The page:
$$E\left[ {{\varvec{\upvarepsilon}}_{1a} ,{\varvec{\upvarepsilon}}_{2b} |{\mathbf{X}}_{{\mathbf{1}}} ,{\mathbf{X}}_{{\mathbf{2}}} } \right] = \sigma_{12} ,\quad {\text{if }}a = b{\text{ and 0 otherwise}} .$$

3.5.2 Results

To analyze whether social media interactions affect service contacts in principle, we compare the average number of service contacts (either request or complaint) for the two groups in the matched sample. The results in Table 6 demonstrate that a difference does exist, which indicates that customers with social media interactions on the firm’s Facebook brand page have more service contacts in total (37.9 vs. 29.3 %; p < .01). Specifically, the results from Table 6 show that the rate of regular service requests is significantly higher for social media users than for customers who have no social media interactions with the firm (36.7 vs. 27.3 %; p < .01). However, for specific service complaints, we do not find significant differences between the groups. Considering the individual nature of customer complaints (e.g., Bearden and Teel 1983), this latter finding appears intuitive. For service failures, both groups need to contact customer service to address their individual complaints.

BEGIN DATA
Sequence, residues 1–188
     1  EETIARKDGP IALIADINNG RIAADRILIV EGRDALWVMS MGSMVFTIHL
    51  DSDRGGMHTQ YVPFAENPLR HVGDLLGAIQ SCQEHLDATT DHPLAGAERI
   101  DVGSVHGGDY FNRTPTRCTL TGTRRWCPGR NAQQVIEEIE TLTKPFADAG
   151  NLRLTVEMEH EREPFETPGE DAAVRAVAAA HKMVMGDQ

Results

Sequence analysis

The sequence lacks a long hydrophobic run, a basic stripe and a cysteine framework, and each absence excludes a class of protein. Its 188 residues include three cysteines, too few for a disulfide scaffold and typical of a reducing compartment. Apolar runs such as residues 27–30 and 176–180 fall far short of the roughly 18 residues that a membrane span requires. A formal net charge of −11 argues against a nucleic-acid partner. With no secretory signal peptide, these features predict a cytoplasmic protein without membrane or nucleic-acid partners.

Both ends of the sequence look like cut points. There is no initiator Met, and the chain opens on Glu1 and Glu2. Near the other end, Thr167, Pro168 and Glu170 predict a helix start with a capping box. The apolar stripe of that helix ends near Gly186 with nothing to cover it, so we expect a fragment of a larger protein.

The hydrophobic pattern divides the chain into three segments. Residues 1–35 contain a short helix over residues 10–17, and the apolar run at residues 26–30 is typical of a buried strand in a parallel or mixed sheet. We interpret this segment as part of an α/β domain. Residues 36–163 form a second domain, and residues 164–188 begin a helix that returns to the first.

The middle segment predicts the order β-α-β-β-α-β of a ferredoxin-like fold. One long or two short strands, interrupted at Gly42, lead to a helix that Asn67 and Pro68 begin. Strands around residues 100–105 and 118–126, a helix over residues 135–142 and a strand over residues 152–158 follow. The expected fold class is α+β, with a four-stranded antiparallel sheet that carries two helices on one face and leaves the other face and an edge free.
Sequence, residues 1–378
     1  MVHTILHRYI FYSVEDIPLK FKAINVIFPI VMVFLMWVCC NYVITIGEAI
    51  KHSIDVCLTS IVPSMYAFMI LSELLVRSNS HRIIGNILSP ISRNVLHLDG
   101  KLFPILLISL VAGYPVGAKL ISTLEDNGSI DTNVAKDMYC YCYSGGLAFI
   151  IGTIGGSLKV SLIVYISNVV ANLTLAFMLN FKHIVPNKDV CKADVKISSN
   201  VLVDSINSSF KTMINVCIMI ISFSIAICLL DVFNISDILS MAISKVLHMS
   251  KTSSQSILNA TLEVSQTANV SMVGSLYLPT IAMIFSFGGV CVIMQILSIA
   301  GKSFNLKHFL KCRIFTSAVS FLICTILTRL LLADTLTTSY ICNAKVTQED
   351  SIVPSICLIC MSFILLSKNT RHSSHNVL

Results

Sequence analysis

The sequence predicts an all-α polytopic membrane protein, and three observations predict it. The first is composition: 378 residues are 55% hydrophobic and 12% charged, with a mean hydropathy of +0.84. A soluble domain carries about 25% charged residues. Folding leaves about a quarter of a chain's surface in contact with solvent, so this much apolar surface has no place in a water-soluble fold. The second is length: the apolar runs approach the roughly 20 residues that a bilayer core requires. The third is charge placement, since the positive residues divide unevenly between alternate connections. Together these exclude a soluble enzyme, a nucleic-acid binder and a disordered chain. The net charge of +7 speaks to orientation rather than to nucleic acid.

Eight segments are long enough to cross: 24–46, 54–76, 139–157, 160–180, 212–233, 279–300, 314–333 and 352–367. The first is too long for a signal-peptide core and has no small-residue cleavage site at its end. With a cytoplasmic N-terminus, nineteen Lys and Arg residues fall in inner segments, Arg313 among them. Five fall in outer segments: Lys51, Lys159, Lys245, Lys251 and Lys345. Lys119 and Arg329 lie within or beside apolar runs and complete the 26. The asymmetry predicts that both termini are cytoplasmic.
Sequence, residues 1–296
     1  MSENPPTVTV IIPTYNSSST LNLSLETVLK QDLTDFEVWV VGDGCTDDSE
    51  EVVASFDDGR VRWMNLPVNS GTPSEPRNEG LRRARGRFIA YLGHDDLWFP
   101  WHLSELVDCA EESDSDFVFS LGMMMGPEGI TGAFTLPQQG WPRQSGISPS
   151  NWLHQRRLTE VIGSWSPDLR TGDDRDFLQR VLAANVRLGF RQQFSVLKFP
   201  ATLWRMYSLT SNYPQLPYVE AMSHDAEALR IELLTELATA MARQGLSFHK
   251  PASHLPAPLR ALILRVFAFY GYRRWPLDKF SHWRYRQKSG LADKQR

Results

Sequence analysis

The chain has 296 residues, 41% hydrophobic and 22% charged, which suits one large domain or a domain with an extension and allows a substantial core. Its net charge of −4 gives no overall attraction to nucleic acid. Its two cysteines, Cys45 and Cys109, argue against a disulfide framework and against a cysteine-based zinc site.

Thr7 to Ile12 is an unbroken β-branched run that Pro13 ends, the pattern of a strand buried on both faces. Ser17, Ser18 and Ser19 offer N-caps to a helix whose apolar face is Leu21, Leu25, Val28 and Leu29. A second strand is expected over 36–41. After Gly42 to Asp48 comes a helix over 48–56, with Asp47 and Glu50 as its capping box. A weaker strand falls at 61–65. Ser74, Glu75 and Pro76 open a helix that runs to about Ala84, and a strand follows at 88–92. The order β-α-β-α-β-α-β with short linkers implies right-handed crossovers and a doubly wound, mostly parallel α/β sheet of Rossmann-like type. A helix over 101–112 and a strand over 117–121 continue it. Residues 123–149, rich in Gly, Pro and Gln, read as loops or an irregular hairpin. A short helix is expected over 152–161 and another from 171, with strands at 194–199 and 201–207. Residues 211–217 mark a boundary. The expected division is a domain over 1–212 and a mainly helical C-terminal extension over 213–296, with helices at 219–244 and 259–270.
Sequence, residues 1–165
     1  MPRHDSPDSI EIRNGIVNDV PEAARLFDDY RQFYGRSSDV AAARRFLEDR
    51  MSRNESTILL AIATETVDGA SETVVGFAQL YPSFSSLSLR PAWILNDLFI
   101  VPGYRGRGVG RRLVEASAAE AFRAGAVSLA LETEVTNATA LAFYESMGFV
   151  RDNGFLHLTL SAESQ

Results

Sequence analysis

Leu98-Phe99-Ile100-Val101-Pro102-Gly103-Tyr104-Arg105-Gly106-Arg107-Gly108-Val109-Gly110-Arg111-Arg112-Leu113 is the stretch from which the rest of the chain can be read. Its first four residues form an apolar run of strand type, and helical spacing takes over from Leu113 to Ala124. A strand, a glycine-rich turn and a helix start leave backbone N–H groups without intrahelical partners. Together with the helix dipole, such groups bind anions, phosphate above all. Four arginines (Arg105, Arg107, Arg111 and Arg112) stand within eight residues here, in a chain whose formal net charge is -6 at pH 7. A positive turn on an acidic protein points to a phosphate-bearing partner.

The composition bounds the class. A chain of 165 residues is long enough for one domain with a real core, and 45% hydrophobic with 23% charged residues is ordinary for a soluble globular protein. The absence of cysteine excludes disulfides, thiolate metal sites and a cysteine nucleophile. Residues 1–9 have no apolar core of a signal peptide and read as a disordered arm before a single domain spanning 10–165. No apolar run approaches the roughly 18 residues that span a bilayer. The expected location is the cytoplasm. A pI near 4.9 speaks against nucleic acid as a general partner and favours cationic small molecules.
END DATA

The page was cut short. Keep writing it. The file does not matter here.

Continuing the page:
Table 6 Comparison of service contacts

After establishing that the effect of social media interactions exists only for service requests, the results of the regression analysis can reveal the intensity of the effect. The results imply that while the effect of social media interaction on service requests is marginally significant, it is not significant for service complaints (see Table 7), thus, confirming the previous finding: because service failures (such as hardware breakdowns, network outage, or invoicing errors) can only be resolved by the provider itself, social care provides little or no potential help. The revealed significant covariate effects are also intuitive: Customers who were acquired online also use the (mostly digital) service channels for service requests more frequently than customers acquired offline. At the same time, demographics that are generally associated with a lower affinity to new technology (e.g., female senior citizens) require more customer service interactions (mostly via telephone).

Table 7 Influences on service contacts